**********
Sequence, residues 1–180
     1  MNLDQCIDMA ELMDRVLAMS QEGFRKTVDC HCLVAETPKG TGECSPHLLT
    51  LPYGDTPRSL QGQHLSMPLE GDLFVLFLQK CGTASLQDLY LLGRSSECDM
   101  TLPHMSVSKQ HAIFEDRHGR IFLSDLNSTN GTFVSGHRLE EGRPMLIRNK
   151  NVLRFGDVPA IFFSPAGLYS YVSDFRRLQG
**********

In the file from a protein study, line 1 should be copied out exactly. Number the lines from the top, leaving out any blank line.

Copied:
Sequence, residues 1–180